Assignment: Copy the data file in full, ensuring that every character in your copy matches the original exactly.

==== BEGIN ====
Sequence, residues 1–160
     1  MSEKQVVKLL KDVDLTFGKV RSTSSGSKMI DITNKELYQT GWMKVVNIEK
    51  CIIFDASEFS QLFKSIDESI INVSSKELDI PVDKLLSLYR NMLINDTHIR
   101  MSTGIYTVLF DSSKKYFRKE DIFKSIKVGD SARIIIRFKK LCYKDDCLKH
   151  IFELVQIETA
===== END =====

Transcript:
Sequence, residues 1–160
     1  MSEKQVVKLL KDVDLTFGKV RSTSSGSKMI DITNKELYQT GWMKVVNIEK
    51  CIIFDASEFS QLFKSIDESI INVSSKELDI PVDKLLSLYR NMLINDTHIR
   101  MSTGIYTVLF DSSKKYFRKE DIFKSIKVGD SARIIIRFKK LCYKDDCLKH
   151  IFELVQIETA